But Greenwich Council’s Cabinet Member for Adult Social Care Cllr Averil Lekau insists that central government underfunding has forced it to make “difficult decisions” and that those least able to afford the price increases will be protected.
A public consultation on a slew of proposed changes to the council’s social care charging policy – including raising fees for community meals and home care – ended last month.
Among those who will be affected by the changes is Greenwich resident Anne Novis, who is also chairwoman for disability charity Inclusion London.
“Disabled people’s human right to independent living is under threat in Greenwich, because of the council’s harsh proposals to increase charges disabled and older people pay for social care,” she told RightsInfo.
“Greenwich Council says they need to raise social care charges to offset the government cuts to local authority funding.
“However, we do not believe taxing and taking money from disabled people who are least able to pay is the best way to achieve this aim. Trying to raise money by targeting those who are most harshly affected by austerity is wrong.
“The result will be to push more disabled people into poverty and will prevent many of us from enjoying our human right to live independently and be included in the community.
She added that the council could use some of its £13million reserves but refuses to because of Brexit. “If the charges do increase, I would be unable to afford to pay, which means I would have to reduce my care, which would, in turn, mean I would have to stop my voluntary work,” she said.
What Is The Human Right To Independent Living?
Image Credit: Pixabay.
The right to independent living is enshrined in Article 19 of the United Nation’s Convention On The Rights of Person’s with Disabilities.
The convention places a positive obligation on states to ensure persons with disabilities have access to “a range of in-home, residential and other community support services”.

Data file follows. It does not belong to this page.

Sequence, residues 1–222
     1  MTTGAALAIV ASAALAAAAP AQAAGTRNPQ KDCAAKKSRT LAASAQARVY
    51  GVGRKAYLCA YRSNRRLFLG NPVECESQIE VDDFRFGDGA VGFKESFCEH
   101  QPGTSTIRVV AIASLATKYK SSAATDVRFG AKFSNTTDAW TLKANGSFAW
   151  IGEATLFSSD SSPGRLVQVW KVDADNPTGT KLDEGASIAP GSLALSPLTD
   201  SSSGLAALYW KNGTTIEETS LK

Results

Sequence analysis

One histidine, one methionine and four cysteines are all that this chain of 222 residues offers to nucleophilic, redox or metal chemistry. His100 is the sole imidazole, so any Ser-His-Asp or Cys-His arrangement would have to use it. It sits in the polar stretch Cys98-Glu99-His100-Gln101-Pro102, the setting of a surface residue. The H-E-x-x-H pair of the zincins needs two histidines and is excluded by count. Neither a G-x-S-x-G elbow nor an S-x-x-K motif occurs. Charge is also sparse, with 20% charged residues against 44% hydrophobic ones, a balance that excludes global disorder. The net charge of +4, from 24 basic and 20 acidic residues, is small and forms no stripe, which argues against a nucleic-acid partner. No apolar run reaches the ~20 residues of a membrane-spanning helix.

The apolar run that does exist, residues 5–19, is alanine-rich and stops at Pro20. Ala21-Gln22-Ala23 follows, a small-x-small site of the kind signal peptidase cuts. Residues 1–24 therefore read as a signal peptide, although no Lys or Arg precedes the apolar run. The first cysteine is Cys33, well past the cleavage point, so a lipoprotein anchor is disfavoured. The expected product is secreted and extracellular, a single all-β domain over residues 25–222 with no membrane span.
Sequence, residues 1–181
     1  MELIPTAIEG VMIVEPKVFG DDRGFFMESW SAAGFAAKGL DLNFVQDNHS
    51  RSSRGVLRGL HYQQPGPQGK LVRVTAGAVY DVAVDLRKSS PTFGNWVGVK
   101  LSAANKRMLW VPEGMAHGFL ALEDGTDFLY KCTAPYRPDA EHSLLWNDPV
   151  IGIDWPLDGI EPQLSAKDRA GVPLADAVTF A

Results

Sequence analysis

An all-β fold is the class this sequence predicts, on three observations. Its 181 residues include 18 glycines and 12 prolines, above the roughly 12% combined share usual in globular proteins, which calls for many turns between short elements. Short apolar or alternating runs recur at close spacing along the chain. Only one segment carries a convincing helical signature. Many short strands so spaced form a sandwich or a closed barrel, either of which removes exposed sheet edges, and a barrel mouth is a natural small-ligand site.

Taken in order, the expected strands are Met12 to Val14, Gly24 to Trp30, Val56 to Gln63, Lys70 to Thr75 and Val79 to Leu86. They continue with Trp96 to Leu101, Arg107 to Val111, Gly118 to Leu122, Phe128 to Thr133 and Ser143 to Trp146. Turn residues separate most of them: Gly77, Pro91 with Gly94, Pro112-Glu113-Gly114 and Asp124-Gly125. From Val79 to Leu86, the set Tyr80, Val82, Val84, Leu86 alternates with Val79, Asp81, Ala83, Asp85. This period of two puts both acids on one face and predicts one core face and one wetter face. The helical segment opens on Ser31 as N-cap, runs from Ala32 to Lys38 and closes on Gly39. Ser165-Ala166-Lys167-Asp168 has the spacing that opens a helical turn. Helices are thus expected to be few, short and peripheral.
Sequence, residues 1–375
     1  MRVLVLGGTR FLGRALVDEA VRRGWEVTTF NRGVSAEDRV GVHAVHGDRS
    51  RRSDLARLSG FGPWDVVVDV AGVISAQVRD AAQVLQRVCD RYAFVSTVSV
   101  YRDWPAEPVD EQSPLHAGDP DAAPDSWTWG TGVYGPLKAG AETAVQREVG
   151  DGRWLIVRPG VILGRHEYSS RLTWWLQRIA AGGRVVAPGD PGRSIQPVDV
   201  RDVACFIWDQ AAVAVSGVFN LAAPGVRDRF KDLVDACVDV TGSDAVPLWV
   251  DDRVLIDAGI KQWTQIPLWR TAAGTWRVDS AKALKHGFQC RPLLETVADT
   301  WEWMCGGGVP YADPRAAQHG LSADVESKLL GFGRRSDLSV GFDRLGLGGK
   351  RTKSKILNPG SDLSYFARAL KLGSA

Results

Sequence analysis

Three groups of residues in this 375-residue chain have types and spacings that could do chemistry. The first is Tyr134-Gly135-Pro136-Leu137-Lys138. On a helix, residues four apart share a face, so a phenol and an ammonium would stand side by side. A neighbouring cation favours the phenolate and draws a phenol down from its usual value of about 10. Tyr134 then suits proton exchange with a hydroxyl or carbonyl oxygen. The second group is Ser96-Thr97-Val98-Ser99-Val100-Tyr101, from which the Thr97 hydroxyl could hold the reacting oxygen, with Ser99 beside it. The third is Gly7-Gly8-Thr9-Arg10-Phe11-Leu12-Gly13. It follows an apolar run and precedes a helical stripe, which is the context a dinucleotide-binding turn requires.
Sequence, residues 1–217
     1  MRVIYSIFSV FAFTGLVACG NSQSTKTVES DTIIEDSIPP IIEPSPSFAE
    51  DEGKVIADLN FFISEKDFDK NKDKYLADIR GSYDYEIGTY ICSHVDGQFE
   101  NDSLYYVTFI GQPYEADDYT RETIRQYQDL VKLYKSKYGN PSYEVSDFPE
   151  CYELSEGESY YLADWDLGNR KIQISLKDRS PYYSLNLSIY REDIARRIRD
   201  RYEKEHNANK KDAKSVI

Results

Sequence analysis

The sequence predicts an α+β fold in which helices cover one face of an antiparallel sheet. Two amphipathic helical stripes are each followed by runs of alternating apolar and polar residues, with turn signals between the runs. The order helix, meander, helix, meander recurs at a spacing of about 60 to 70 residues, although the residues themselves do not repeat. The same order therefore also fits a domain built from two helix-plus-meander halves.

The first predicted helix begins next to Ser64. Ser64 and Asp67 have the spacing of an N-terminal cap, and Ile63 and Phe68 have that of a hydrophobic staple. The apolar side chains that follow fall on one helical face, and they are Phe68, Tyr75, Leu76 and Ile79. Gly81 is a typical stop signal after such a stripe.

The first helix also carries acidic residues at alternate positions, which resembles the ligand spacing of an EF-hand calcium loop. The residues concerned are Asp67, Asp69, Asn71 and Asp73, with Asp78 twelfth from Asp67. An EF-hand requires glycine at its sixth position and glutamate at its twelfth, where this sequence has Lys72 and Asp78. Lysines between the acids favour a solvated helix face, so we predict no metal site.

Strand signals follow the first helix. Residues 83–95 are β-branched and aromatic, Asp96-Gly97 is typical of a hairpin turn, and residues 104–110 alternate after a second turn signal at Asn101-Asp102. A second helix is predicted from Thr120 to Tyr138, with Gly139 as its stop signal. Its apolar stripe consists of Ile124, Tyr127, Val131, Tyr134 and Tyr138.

This includes “personal assistance necessary to support living and inclusion in the community, and to prevent isolation or segregation from the community”.
Disabled women’s group WinVisible last month issued an open letter calling on Greenwich Council to follow in the example of Hammersmith and Fulham Council, who abolished home care charges in 2015.
What Does Greenwich Council Say?
See Dan Thorpe’s other TweetsCllr Averil Lekau, told RightsInfo: “Since 2010, our funding has reduced by a staggering £1,400 per household, totalling some £125 million, largely as a result of funding that the Government has taken away from us.
“At the same time, the population has grown, and more people have had to use our adult social care services. Many other councils have already increased the amount they are charging – something we have resisted for years.
“Unfortunately, we are at the end of the line and have to make some incredibly difficult decisions. However, whatever changes are brought in, we will make sure that there will be rigorous assessments so that the people who are least able to afford any increases are protected.
“Reserves are like savings – we use them to invest in one-off projects, so once they are gone they are gone. Using reserves to pay for day to day services would be not sustainable – what we need is long term investment from the government.
She also welcomed Prime Minister Boris Johnson’s pledge to fix the social care crisis.
“I very much hope that this means putting an end to austerity and giving councils the money they need to provide crucial services for their most vulnerable residents.”
Adult Social Care: The National Picture
Health secretary Matt Hancock is responsible for the government’s highly anticipated adult social care green paper. Image Credit: Number 10.
Between 2010 and 2017, local authorities across the country have faced a 26 percent drop in central government funding according to fact checking charity FullFact.
After education, adult social care is the second largest area which council spend their money on – totalling £276 per person in England in 2017-18.
Adult social care is largely funded through a combination of business rates, council tax and the charges imposed by local authorities.
In 2015, councils were given the power to raise council tax by an additional two percent provided that money is ring-fenced to be spent solely on adult social care.
The following year, councils were then given the power to raise it by 3 percent in any given year between 2017 and 2020 but by no more than six percent in total over those three years.
Since 2017, the government has promised to publish a green paper (draft bill) to address the growing social care crisis but has pushed back its own deadline on five occasions.
Article sourced from rightsinfo.org